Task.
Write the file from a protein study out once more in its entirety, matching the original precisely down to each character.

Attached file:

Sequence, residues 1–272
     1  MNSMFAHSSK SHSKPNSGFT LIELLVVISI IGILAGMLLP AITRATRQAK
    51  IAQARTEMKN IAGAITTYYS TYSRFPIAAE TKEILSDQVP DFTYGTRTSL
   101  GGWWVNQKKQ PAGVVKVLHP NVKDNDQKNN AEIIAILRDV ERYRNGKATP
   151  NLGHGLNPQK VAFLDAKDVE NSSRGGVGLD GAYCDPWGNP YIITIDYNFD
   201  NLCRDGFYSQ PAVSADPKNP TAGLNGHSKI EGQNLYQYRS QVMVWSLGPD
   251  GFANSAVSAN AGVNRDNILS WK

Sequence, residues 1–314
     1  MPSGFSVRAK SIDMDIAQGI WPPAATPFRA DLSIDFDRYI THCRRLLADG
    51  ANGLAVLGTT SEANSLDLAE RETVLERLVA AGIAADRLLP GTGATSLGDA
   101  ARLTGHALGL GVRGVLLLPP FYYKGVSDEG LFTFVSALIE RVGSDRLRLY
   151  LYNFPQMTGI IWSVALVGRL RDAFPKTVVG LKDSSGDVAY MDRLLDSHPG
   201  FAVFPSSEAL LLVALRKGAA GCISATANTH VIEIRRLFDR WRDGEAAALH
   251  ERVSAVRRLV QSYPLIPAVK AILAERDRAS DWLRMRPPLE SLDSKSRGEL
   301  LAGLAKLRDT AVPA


Sequence, residues 1–272
     1  MNSMFAHSSK SHSKPNSGFT LIELLVVISI IGILAGMLLP AITRATRQAK
    51  IAQARTEMKN IAGAITTYYS TYSRFPIAAE TKEILSDQVP DFTYGTRTSL
   101  GGWWVNQKKQ PAGVVKVLHP NVKDNDQKNN AEIIAILRDV ERYRNGKATP
   151  NLGHGLNPQK VAFLDAKDVE NSSRGGVGLD GAYCDPWGNP YIITIDYNFD
   201  NLCRDGFYSQ PAVSADPKNP TAGLNGHSKI EGQNLYQYRS QVMVWSLGPD
   251  GFANSAVSAN AGVNRDNILS WK

Sequence, residues 1–314
     1  MPSGFSVRAK SIDMDIAQGI WPPAATPFRA DLSIDFDRYI THCRRLLADG
    51  ANGLAVLGTT SEANSLDLAE RETVLERLVA AGIAADRLLP GTGATSLGDA
   101  ARLTGHALGL GVRGVLLLPP FYYKGVSDEG LFTFVSALIE RVGSDRLRLY
   151  LYNFPQMTGI IWSVALVGRL RDAFPKTVVG LKDSSGDVAY MDRLLDSHPG
   201  FAVFPSSEAL LLVALRKGAA GCISATANTH VIEIRRLFDR WRDGEAAALH
   251  ERVSAVRRLV QSYPLIPAVK AILAERDRAS DWLRMRPPLE SLDSKSRGEL
   301  LAGLAKLRDT AVPA